A country surrounded by imagine(ary) walls

Your first entrance in the Palestinian Occupied Territories from Israel could be impressive, it is up to you to decide whether the impression could be positive or not.

The monumental wall separating Jerusalem from the West Bank, erases from your sight the whole imaginary of olive trees and yellow lands, replacing it by grey horizontal bricks made of concrete: from each and every brick, you can hear an illusory voice screaming “the entrance here is forbidden and against Israeli law”.

The sight of that grey monster chasing you along the journey, calls from within feelings of regret, disappointment, despair into being, because this is likely not the Palestine you imagined. Nevertheless, those few minutes it takes to go through iron cages, passport controls, traffic and urban noise, opens your view and your expectations to a completely different scenery. Not yet dabkeh and olive trees, but peddlers of any kind of good, kids who run around you, trying to catch your attention for bargaining lighters or lollipop, mothers and children waving hands from faraway balconies, dozens of young men and women in a worried hurry before their passage through the checkpoint.

Then, going ahead towards the city, as the service runs along, a kaleidoscopic landscape can be perceived, made of palm trees, high building, and refugee camps. Indeed, this is a first introduction to the complex and critical aspects of the occupation.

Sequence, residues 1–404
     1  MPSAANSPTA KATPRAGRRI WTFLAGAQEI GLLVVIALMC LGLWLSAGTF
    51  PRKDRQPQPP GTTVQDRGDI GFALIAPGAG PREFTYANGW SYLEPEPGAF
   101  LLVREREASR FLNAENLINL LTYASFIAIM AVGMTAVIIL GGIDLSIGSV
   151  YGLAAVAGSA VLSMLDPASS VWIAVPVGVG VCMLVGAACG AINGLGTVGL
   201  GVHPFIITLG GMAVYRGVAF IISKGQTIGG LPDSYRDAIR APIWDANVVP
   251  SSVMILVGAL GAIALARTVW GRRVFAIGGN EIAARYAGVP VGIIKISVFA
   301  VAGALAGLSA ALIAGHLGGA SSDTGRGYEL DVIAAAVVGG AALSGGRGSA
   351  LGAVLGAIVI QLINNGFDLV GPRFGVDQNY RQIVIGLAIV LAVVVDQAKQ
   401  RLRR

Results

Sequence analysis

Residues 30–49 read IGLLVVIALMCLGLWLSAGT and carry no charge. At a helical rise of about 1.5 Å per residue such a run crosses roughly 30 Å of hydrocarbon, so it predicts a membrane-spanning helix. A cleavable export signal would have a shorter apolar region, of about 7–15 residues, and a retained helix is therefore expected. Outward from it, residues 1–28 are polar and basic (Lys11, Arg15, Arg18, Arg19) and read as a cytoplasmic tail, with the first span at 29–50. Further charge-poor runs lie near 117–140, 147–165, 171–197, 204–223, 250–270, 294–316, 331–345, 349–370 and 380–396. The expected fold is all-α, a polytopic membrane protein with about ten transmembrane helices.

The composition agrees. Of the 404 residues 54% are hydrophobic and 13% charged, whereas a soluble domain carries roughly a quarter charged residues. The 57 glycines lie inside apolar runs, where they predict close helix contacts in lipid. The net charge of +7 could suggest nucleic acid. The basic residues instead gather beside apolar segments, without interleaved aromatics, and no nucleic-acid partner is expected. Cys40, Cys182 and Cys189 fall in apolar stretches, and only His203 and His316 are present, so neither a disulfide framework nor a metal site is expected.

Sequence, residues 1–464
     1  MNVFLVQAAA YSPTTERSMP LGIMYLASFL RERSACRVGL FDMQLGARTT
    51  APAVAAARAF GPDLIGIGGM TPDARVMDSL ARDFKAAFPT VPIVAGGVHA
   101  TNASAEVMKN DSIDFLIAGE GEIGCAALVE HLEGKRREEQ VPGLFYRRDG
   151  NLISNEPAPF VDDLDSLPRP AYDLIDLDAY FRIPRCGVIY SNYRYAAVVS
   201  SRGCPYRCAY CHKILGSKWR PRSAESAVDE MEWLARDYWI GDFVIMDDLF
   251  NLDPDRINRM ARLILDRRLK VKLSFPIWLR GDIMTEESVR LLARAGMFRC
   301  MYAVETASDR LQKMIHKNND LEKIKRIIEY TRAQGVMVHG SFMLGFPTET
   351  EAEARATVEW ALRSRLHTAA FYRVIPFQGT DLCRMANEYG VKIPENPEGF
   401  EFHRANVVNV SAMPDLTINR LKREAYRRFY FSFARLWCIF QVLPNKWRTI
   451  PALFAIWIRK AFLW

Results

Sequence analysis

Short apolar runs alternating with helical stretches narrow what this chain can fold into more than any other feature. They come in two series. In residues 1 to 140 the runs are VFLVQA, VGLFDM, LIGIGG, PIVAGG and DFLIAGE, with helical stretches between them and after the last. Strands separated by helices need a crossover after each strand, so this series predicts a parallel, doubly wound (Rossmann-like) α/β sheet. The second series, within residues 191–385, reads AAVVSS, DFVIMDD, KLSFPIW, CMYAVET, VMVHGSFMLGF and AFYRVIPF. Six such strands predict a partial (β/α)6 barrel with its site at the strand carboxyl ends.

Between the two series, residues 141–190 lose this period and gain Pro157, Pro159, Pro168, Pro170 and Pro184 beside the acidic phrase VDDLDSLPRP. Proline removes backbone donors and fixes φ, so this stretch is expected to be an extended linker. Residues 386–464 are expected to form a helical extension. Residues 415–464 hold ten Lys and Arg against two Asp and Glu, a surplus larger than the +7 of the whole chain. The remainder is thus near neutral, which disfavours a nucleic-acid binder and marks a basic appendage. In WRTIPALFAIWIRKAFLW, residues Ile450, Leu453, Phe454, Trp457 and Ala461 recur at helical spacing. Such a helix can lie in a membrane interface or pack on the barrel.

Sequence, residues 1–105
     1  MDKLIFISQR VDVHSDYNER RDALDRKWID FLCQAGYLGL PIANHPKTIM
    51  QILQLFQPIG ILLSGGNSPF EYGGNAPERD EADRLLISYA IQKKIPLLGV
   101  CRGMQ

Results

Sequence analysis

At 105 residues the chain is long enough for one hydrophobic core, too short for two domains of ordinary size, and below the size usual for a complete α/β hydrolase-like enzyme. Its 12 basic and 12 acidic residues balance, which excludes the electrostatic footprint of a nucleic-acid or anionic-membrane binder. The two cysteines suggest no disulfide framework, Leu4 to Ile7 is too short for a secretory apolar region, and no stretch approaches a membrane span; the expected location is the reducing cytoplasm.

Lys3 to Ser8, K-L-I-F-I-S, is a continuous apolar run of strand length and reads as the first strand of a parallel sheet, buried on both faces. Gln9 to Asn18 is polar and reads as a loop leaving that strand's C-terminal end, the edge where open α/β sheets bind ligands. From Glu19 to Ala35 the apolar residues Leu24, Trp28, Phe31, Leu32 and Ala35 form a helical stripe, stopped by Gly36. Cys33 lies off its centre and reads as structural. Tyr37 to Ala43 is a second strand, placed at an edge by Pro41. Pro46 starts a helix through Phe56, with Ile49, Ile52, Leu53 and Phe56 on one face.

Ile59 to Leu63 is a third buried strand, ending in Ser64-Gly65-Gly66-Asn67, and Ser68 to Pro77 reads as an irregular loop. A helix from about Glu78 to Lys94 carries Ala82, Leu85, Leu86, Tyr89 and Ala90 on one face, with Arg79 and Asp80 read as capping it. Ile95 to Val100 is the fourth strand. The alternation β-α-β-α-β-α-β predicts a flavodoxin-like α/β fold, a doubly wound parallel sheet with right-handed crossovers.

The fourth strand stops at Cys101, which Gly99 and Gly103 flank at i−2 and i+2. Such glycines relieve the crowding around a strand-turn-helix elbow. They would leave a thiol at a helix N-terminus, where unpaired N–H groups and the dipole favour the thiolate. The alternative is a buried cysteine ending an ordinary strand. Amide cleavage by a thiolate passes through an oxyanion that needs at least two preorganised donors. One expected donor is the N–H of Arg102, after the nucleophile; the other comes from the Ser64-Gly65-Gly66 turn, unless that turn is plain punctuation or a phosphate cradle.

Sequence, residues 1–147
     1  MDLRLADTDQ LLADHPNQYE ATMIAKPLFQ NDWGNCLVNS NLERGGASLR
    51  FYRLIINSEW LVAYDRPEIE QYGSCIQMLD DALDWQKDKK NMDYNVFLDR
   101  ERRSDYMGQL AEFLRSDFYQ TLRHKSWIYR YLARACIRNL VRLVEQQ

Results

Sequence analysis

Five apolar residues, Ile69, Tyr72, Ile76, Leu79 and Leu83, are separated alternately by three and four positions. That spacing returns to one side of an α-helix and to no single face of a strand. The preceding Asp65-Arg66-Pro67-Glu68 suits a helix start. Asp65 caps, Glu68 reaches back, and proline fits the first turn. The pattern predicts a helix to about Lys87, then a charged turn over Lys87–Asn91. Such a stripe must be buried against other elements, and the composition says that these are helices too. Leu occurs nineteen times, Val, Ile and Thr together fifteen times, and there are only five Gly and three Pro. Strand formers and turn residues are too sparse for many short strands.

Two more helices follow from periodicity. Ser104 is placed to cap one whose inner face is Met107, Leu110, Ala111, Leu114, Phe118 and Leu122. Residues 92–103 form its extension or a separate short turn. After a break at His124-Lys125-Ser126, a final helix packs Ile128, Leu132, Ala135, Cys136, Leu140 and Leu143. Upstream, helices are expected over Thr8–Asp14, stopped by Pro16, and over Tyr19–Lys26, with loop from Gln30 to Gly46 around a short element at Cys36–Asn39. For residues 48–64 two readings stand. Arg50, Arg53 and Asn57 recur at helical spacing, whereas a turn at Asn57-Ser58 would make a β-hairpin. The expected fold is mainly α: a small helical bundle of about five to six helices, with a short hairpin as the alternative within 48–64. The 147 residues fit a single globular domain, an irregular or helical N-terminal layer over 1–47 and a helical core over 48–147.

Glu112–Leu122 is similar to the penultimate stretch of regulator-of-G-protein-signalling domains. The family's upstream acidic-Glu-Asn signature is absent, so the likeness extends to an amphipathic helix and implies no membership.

Just after the cease of Second Intifada, from 2003 Palestine has been enclosed by walls and fences, designed to protect Israeli state from the illusory enemy of Palestinian violence. Since then, cities like Qalandiya, Qalqilya, Bethlehem, and others, are prisoners of tons of grey concrete and barbed wire. As a new step in the occupation process, it dragged the whole West Bank into new forms of displacement and restriction of movement, factually splitting the region into disconnected areas, and blessing all the inner contradiction to be exacerbated.

Palestinians reacted,  many times , with unexpected moves:  turning the monster into a “canvas” for intense graffiti like the ones in Bethlehem; climbing over the high bricks during Ramadan just to reach al-Aqsa for the Friday prayer, and losing their own life instead, protesting every Friday against a closer and closer trespassing in Bil’In.

The wall is, as a matter of fact, a physical boundary, but is not yet a state of mind. Fences did not surrounded hope as the occupation cannot wipe out any wish to look further. It weighs the burden down changing the face of resistance.

No one knows how separation would affect Palestinian commitment in the long run. For us, passive audience in a controversial play, on the Palestinian flank, those same grey and high bricks do not state “the entrance is forbidden”, they scream out loud “this wall will not exist anymore”.

And beyond this wall? A never-ending sea, Gaza and the land of Return.

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